Now you know why Economics is NOT a science.

  11. awgee

    “Price inflation in the absence of wage inflation merely lowers everyone’s standard of living and would cause widespread debt destruction as the over-burdened are crushed.”

    Inflation, both wage and price are more accurately described as currency devaluation. Currency devaluation is theft, from those who have purchased US debt instruments and other fixed income savings notes. Inflation is a terrible “solution” to what is actually a debt problem. The only real solution to a debt problem is to pay off the debt. Inflation is pushing off one’s debt onto someone else. It will not cure the problem which is the entitlement attitude of the USA, and unless we pay out debt with productivity and output instead of worthless paper promises, we will bring more destruction onto ourselves.

    The above may sound a bit nutty, but it is what I have been saying on this blog for the last few years. Can you see how it is playing out?

    1. Planet Reality

      People speak too general about both wage inflation and price inflation. Different segments of the population can see wage inflation while others see wage deflation. Price inflation will then vary based on which goods those people purchase. Higher end goods can see higher inflation much like premium real estate markets can see higher inflation based on wage inflation of the segment that purchases these goods. Trends in wage inflation show a median income that is flat while the top 20% have seen significant wage inflation.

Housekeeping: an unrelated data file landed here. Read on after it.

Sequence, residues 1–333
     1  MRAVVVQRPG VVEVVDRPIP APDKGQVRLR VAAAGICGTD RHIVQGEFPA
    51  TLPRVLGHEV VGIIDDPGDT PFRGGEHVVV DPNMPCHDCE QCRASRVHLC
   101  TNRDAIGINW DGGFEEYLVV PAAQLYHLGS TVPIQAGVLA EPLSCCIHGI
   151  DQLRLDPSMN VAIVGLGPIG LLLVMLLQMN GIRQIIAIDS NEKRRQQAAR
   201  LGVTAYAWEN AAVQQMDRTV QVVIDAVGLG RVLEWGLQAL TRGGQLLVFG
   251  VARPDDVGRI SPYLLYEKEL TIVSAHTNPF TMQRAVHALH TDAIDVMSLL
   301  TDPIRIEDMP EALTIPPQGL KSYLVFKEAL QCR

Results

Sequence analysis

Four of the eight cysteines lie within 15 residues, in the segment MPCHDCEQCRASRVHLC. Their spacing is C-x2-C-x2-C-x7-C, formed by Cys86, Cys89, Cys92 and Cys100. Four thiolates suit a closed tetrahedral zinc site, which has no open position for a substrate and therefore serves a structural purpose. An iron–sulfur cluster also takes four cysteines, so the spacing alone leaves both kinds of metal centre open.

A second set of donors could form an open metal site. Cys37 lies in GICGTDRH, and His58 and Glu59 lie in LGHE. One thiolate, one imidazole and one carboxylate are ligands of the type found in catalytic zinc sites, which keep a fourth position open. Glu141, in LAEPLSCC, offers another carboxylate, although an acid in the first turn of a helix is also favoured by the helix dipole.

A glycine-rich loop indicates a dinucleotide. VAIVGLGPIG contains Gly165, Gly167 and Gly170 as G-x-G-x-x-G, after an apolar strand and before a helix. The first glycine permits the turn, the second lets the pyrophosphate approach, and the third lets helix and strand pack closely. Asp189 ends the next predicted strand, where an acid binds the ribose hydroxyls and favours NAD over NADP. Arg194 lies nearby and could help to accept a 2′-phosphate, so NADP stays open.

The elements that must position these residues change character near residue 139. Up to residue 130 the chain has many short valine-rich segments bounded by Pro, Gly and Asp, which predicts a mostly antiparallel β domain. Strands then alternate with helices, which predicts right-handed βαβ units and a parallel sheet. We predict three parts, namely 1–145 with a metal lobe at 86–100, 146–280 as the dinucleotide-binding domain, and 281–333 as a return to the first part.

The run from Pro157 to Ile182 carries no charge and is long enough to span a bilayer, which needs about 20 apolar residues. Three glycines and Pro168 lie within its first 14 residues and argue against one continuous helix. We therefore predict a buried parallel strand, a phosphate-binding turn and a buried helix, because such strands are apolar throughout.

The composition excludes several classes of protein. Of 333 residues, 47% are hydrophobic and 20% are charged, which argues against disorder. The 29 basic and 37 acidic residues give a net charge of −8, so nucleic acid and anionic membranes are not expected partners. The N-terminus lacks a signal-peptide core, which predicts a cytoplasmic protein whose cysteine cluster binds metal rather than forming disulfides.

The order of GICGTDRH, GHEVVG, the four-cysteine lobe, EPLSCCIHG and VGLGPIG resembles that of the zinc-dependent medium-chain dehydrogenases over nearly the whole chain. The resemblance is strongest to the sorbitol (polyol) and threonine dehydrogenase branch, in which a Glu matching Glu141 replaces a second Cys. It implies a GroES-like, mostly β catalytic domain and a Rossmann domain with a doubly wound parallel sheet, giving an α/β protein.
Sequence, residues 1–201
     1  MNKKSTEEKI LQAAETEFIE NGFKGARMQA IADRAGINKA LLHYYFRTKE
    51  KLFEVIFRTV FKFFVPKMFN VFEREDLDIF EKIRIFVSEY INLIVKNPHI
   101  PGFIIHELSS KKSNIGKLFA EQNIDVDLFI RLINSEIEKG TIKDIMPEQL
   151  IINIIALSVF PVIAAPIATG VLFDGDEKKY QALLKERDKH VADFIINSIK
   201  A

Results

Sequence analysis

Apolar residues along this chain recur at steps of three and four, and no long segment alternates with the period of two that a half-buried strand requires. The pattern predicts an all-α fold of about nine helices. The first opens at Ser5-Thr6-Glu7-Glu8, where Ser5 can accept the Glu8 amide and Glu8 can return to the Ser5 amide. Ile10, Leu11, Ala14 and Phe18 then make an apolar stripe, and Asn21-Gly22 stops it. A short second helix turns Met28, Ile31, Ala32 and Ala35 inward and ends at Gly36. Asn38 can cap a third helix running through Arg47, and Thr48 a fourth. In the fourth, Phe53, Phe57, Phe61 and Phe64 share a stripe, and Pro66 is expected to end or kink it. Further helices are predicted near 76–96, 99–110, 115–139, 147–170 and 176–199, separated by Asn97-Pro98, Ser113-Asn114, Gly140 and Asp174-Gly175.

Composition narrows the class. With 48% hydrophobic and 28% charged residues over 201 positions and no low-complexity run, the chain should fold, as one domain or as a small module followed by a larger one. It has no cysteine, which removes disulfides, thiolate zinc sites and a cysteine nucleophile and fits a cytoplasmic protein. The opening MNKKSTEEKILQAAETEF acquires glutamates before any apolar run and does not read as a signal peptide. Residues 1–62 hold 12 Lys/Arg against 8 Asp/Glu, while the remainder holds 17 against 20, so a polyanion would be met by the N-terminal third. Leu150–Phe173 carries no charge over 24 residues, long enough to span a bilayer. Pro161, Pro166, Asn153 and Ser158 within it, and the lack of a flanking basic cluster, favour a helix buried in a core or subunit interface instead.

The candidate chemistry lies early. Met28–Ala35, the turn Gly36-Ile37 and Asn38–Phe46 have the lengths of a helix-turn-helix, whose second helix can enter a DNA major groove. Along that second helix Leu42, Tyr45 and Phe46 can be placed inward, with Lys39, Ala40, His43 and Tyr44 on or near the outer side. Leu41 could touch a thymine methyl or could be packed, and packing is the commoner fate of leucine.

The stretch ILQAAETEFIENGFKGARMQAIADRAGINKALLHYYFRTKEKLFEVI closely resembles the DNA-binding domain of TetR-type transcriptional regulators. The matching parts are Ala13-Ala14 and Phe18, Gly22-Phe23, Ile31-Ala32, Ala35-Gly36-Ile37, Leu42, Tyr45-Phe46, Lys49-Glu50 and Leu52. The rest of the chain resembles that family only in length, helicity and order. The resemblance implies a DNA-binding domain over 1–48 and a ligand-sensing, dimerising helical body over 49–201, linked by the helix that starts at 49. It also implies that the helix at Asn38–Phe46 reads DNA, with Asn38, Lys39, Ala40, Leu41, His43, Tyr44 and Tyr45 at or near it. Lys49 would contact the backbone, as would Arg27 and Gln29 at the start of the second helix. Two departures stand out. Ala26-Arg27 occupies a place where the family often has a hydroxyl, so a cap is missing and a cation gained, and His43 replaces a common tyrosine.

12. awgee

    For those who think that debt destruction is a solution, have you considered what the consequences are to debt destruction through either currency devaluation or default?

  13. Reggie Masterson

    Millions of people are in debt for the same reason: they have the wrong ideas about what they WANT versus what they NEED.. They spend recklessly on their wants, whether on credit cards or in real estate and this obviously has inevitable negative consequences. Until this changes (it probably never will) these problems will persist.

  14. awgee

    “Until this changes (it probably never will) these problems will persist.”

    Actually, it can change, but people need to be educated and understand the differences and similarities between money and currency, and the consequences to using fiat currency.

  15. Bruce

    Real estate mega-firm First American Corp. of Santa Ana is spinning off its property and consumer data business into a separate company, a move designed to increase the value of…


    Buy Leads

  16. cynthia curran

    Irvine doesn’t lack jobs compared to other cities in the region, and Irvine is much smaller than LA and even Long Beach who both have higher unemployment and higher poverty rates. Irvine doesn’t need to produce as much jobs since it is smaller than Sac, San Fran, La, Long Beach, Santa Ana, Anaheim, and Oakland, and San Diego. Probably La which is 4 million has the greatest difficulty producing jobs relative to its size. Most cites over one million due but cities aound the 150,000 to 300,000 range don’t as much.

Comments are closed.